Thursday, June 13, 2019

Movie Review: Aquaman (2018)

Aquaman (2018) directed by James Wan

Arthur Curry (Jason Momoa) is born the son of a lighthouse keeper and a queen...the Queen of Atlantis! She washes up on the shore of the lighthouse one day and the keeper keeps her. They are truly happy and have a wonderful son but then the troops from Atlantis find her. She offers to return to Atlantis, thus saving her husband and child from the wrath of the sea. Arthur is trained by Vulko (Willem Dafoe), the main advisor to the royal family, in his Atlantean abilities (swimming fast, breathing and talking underwater, and fighting with a trident). Promises of reuniting son and mother are never fulfilled, leaving Arthur a bit bitter.

He still has the heart of a hero and does good deeds along the coast. He rescues a submarine from pirates. The sub still goes down but the Russian crew is saved. Unbeknownst to Aquaman, the sub is used by his half-brother Orm (Patrick Wilson) to solidify a deal to reunite the underwater kingdoms. Orm's plan is to make war on the surface dwellers who are a bunch of harpooning fish-eaters polluters. Mera (Amber Heard) is princess of one of the other kingdoms and wants Arthur to reclaim the throne to avoid the war. Also, she is not interested in marrying Orm, even for political convenience. Arthur is uninterested in the throne, especially since he knows his mom was killed by the Atlanteans when they found out about him. Also, he has pretty much no leadership skills whatsoever.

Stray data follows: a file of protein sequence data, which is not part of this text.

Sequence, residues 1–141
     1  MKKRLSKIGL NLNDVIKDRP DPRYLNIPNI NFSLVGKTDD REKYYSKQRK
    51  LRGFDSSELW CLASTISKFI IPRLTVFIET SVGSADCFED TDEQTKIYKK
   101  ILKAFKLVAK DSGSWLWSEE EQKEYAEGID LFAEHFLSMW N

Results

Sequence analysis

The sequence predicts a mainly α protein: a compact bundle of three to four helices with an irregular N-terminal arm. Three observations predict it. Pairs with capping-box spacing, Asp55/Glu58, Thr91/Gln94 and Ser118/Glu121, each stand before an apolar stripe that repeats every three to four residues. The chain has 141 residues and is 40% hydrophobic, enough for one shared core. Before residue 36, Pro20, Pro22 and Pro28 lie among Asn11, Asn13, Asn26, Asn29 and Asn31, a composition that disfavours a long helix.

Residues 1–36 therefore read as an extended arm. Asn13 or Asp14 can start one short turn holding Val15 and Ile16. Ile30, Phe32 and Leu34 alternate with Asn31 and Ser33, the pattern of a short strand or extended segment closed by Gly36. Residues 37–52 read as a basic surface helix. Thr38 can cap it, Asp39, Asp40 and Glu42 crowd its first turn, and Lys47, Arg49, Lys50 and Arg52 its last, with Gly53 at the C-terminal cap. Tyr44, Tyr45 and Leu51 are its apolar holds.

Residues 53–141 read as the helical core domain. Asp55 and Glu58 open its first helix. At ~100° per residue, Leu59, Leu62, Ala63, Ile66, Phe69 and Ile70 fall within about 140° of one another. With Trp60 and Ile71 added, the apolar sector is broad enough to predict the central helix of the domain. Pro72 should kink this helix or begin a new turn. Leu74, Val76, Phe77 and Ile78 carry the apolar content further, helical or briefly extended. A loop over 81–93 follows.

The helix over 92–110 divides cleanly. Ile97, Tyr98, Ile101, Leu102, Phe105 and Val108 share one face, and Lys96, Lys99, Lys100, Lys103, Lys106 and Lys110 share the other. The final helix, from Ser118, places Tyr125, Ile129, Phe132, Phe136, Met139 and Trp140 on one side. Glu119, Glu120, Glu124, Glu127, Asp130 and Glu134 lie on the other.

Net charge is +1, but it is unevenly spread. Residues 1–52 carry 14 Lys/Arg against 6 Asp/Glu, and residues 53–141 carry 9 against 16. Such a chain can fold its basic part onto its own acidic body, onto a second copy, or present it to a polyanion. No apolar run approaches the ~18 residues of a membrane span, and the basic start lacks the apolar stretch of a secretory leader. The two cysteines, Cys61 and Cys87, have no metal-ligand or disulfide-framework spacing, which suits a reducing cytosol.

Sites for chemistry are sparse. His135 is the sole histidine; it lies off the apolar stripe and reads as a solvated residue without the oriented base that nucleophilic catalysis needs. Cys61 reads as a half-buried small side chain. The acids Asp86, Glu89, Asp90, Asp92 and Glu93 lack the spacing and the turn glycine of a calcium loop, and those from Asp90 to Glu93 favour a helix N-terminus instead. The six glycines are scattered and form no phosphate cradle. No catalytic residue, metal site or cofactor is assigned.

The plot of family members fighting over a throne, with one who wants to use the kingdom's technology to make war on the rest of the world, was much better executed in Black Panther. Still, the plot isn't poorly done here. The film also has a side story dealing with revenge, because the pirate's son wants to kill Aquaman because Arthur let the pirate leader die. That story is nicely tied into Aquaman's worthiness to be king, since he basically is a fun-loving, fist-fighting, ne'er-do-well who really isn't qualified for any public office, let alone the top office. He let the pirate leader die out of pettiness, not valor. Arthur slowly acquires a bit more responsibility and perspective throughout the film, though he is still not convincingly regal by the end of the movie. So the movie has a lot of mediocre bits.

On the other hand, the world-building is amazing and splendid to look at. The visuals are imaginative and the various kingdoms do look like individual places with their own histories. The various sea creatures (both real and fictional) used as combatants or steeds were fun to see. The world was rich and cinematic. A few scenes looked like they were meant to be seen in 3D, which is a pet peeve of mine and detracted a bit from the movie. One or two fight scenes also looked too CGI, as if they were cut scenes from a video game made ten years ago. Even my son complained about that. Those scenes weren't too often so they weren't too bothersome. Visually, the movie is very impressive.

Overall, Aquaman is a fun movie, the sort of summer superhero movie that's entertaining but not great.

Slightly recommended.

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